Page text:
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Inflation: 'Wage pressure is going to be the story for the entire year,’ strategist says

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Marci McGregor, Bank of America Private Bank senior investment strategist and chief investment officer for Merrill, joins Yahoo Finance Live to discuss bank earnings, financial and energy sector funds, and wage inflation.

Video transcript

ZACK GUZMAN: I want to turn our attention though, to what it means for the rest of the year and maybe how you should be trading off of some of the early headlines that we are getting. And for more on that, let's bring in Marci McGregor, Bank of America Merrill Lynch chief investment office senior investment strategist joins us now. And Marci, I mean, you know, I don't want to read too much into maybe what we're hearing out of the first earnings reports here. Keep in mind, JPMorgan actually beat on earnings and revenue, but the look ahead, I think is something that a lot of companies out there are probably going to be reiterating, a lot of the same points, unknowns, and inflationary pressures may be impacting results to come. So I mean, when you digest that macro theme what does it tell you about maybe how some of the pressure there is on the part of these companies to really beat expectations?

MARCI MCGREGOR: Yeah, the pressure is on but I would say if you look at the big picture for banks, many of the banks emerge from the pandemic stronger with stronger balance sheets. A good way to position for inflation because as rates rise, net interest margins are going to expand but it's also a way to position for the supply chain stress that's going on because as companies in different industries rebuild their inventories that means loan growth for the banks. So as we headed into this earnings season it was banks, semis, and energy that actually saw the most analyst upgrades. And I think ultimately, the cyclicals lead the way because they're going to likely report revenue growth above the average for the S&P but I think we got to look at the big picture and position for sticky inflation, and a strong economy.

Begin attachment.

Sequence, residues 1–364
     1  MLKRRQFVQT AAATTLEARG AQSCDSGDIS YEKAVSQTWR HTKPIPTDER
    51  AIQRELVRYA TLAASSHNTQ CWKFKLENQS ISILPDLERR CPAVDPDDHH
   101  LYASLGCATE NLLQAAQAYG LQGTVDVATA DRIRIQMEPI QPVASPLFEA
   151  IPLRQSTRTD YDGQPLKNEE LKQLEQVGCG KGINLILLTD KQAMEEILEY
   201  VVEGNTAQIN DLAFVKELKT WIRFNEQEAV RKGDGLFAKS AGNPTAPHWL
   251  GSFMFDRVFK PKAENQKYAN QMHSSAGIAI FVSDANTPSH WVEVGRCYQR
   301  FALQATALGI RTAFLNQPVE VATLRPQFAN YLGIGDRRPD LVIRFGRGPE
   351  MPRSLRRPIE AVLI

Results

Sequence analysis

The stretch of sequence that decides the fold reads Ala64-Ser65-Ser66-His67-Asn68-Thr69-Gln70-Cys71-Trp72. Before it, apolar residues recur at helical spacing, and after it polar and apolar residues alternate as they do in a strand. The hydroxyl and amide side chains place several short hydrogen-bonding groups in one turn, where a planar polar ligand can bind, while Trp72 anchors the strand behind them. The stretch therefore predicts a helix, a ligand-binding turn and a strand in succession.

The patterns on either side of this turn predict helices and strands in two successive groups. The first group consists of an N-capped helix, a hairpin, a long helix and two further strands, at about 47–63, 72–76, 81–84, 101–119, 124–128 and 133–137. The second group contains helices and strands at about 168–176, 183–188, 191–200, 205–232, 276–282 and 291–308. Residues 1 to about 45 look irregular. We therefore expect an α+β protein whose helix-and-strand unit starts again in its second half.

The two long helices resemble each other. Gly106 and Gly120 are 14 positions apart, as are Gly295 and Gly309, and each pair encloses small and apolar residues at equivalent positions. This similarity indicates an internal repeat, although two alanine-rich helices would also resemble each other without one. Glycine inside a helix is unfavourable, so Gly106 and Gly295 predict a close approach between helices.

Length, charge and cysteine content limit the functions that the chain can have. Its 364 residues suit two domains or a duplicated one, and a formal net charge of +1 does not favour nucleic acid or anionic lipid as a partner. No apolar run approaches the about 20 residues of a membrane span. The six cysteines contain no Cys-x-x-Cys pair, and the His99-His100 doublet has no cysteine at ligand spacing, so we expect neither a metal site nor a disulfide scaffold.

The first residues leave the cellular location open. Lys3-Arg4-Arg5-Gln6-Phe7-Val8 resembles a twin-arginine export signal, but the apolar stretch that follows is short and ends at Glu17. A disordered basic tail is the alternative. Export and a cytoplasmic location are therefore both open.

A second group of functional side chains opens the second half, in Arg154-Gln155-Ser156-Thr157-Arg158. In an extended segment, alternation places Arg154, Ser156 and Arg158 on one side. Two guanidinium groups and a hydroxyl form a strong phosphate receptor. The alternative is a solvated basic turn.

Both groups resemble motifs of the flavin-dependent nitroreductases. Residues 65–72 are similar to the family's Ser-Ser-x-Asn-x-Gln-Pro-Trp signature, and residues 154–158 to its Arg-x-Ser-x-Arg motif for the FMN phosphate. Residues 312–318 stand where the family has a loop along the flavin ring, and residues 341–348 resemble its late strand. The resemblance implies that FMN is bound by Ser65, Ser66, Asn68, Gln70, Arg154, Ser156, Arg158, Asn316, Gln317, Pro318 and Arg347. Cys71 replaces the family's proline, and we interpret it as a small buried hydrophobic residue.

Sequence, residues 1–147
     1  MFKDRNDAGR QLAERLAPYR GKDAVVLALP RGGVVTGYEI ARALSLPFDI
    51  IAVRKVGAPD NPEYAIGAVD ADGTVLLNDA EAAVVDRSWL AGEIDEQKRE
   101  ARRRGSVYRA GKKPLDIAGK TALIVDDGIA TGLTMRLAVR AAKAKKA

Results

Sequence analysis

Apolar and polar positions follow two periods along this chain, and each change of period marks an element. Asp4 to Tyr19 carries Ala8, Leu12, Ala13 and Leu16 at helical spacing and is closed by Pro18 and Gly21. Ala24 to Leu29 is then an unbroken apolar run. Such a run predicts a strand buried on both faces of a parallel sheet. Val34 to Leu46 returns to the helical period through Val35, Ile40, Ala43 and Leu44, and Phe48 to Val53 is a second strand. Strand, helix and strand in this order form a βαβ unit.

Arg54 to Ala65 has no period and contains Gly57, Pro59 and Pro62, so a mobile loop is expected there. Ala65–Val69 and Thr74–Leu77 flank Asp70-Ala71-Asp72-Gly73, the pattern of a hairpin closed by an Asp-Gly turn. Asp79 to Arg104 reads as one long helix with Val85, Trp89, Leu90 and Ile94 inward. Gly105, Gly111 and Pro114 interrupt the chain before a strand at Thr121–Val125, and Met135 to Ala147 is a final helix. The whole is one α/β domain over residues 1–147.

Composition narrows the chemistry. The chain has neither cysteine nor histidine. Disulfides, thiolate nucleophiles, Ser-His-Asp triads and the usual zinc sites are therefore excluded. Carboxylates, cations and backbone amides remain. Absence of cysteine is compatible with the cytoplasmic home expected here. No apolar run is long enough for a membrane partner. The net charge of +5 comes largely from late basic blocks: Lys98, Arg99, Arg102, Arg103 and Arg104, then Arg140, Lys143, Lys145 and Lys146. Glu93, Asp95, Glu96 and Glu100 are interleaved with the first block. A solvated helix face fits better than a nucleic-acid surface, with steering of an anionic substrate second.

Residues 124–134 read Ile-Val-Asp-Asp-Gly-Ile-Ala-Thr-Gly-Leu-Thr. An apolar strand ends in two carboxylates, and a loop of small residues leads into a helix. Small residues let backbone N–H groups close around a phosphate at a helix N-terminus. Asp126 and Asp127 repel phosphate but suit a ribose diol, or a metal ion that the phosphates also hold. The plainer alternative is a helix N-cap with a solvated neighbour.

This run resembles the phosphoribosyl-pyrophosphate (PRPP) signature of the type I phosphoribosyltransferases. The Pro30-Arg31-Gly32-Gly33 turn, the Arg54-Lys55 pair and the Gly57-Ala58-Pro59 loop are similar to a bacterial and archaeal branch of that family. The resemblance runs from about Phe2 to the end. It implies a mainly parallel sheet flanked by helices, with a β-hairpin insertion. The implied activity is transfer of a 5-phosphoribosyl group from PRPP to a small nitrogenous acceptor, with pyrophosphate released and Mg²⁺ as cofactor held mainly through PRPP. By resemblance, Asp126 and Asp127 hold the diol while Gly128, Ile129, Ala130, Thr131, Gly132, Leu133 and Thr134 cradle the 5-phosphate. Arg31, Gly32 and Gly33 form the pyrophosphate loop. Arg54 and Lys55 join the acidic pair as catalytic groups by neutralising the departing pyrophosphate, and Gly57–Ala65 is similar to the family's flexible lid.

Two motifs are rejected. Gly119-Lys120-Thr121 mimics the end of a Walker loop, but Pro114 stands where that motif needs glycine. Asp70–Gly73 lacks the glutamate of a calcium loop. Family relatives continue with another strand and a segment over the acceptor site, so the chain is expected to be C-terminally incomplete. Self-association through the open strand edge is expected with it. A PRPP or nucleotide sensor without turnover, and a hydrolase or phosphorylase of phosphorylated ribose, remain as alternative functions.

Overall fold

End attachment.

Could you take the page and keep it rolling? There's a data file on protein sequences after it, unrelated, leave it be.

AKIKO FUJITA: What we heard from the banks today certainly feels like something that we're likely to hear over and over throughout the earnings season and that is those rising expenses largely coming from higher wages. And I wonder how you're looking at that? Is that something that will continue well into the second half of the year? How do you think investors should be looking at that as companies continue to report their results?

MARCI MCGREGOR: Yeah, I think the reality is real wages have not kept up with inflation and real wages haven't kept up with profits either. So that's part of the story of why companies have been able to protect their margins so far in this. But I would expect upward price pressure on wages to continue. And I would say wages, and even rents, those stickier measures of inflation haven't even really worked their way into the headline data yet. So I think inflation is going to stay, wage pressure is going to be a story for the entire year. But it's companies that pass through price increases, so I think of it almost as quality companies in each sector that are going to be able to continue to exceed expectations on profits despite rising wages.

ZACK GUZMAN: Yeah, Marci, we just showed the 10-year there, you see it ending the year around 2%. We've been seeing it creep higher and higher. And obviously, you know, I think that prompted a lot of investors to kind of shift back into cyclicals because of what we saw in the tech sell-off but now I mean, if those are getting dented just as bad here, I mean, what's kind of the strategy I guess as we reset for maybe positioning around a 2% yield on the 10-year?

MARCI MCGREGOR: Yeah, I think we have to remember a 2% yield even though it's significantly higher than where we're coming from, especially in 2020, is still a historically low level. So I think it's more even about the speed at which rates increase. We saw a quick move at the beginning of the year but I think it gets steadier from here. And I think what we're looking at is especially a bond market that has accepted and not overreacted to what is a sharp pivot by the Fed.

It's going to be all about the Fed this year, especially as we head into FOMC meeting. So positioning-wise, I would say below benchmark duration, up in quality in fixed income because we do see rates rising from here. But not significantly higher, like I said, 2% at the end of this year, maybe 2.25% as we look ahead to 2023.

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